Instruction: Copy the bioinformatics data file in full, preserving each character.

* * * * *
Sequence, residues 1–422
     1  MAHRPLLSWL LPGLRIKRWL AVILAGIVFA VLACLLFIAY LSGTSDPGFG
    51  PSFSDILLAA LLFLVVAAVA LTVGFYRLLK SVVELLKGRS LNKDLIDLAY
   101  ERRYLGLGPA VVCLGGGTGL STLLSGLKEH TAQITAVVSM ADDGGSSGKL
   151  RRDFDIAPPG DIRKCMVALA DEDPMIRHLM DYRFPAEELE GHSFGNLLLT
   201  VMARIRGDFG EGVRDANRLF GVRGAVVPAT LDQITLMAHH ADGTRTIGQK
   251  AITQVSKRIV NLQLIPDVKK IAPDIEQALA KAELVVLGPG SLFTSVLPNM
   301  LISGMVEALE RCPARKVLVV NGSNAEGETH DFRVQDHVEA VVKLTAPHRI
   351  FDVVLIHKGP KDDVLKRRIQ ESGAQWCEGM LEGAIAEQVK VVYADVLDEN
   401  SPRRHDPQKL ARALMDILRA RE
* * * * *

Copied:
Sequence, residues 1–422
     1  MAHRPLLSWL LPGLRIKRWL AVILAGIVFA VLACLLFIAY LSGTSDPGFG
    51  PSFSDILLAA LLFLVVAAVA LTVGFYRLLK SVVELLKGRS LNKDLIDLAY
   101  ERRYLGLGPA VVCLGGGTGL STLLSGLKEH TAQITAVVSM ADDGGSSGKL
   151  RRDFDIAPPG DIRKCMVALA DEDPMIRHLM DYRFPAEELE GHSFGNLLLT
   201  VMARIRGDFG EGVRDANRLF GVRGAVVPAT LDQITLMAHH ADGTRTIGQK
   251  AITQVSKRIV NLQLIPDVKK IAPDIEQALA KAELVVLGPG SLFTSVLPNM
   301  LISGMVEALE RCPARKVLVV NGSNAEGETH DFRVQDHVEA VVKLTAPHRI
   351  FDVVLIHKGP KDDVLKRRIQ ESGAQWCEGM LEGAIAEQVK VVYADVLDEN
   401  SPRRHDPQKL ARALMDILRA RE